In New Haven, Connecticut, local activist Delphine organized people to help have a voice that was historically drowned out against Yale University. A coalition of local progressive leaders ran for city council. 17 ran, 16 won and the city council was transformed into a government that works for the people of New Haven, not just the university.
“We need to train ourselves on how to ask for more and have a more vocal presence in our local governments.”
In Colorado, Leslie was present when they passed a major anti-gay initiative, became a modified right to work state and took other anti-progressive steps. Labor organizations were absent from the conversation so she ran for a leadership position on the union board. They took the state from nearly becoming full-blown right to work to state and progressives took over the state government including the Denver city council in the late 90s. They are now implementing policies that give citizens a voice they previously did not have.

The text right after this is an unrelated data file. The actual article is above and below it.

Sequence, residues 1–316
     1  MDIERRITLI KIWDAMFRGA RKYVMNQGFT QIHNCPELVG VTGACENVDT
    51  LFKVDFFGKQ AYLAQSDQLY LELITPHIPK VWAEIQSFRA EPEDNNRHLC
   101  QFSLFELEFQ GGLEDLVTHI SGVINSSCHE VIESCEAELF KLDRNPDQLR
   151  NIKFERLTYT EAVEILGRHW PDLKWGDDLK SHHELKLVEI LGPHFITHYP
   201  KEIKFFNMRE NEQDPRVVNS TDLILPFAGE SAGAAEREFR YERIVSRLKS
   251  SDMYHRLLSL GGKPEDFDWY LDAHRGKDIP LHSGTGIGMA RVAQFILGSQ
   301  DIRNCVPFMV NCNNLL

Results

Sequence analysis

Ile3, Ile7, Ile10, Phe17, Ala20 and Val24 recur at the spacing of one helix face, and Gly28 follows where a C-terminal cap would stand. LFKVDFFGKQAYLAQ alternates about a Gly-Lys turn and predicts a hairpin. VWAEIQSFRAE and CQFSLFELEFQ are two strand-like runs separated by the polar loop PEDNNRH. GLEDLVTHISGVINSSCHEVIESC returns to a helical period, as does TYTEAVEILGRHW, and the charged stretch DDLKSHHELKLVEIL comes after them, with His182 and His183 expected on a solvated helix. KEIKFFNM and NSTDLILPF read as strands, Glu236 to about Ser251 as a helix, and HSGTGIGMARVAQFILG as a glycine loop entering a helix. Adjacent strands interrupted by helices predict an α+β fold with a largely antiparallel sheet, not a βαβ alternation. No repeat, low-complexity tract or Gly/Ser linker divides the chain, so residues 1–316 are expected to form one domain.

“You actually can change things from the ground. It doesn’t happen from Washington. You need to be thinking about who in your neighborhood should be leaders, hold them accountable and give them space to succeed.”
Next up: Breakout Session #1
I obviously can’t be in three places at once so I’m attending the “Connecting Data With Action” panel. The panel is Nick Conti-Masang (VVN), Eric Keller (Clean Water Action), Liz Ratzloff (Planned Parenthood), and Danielle Atkinson (Mothering Justice). The moderator is Patrick Schuh with Two Peninsulas Research Group.
Patrick Schuh: “We need to figure out which medium is best for connecting with our audience and which approach in the medium is most effective at getting our audience to take action.”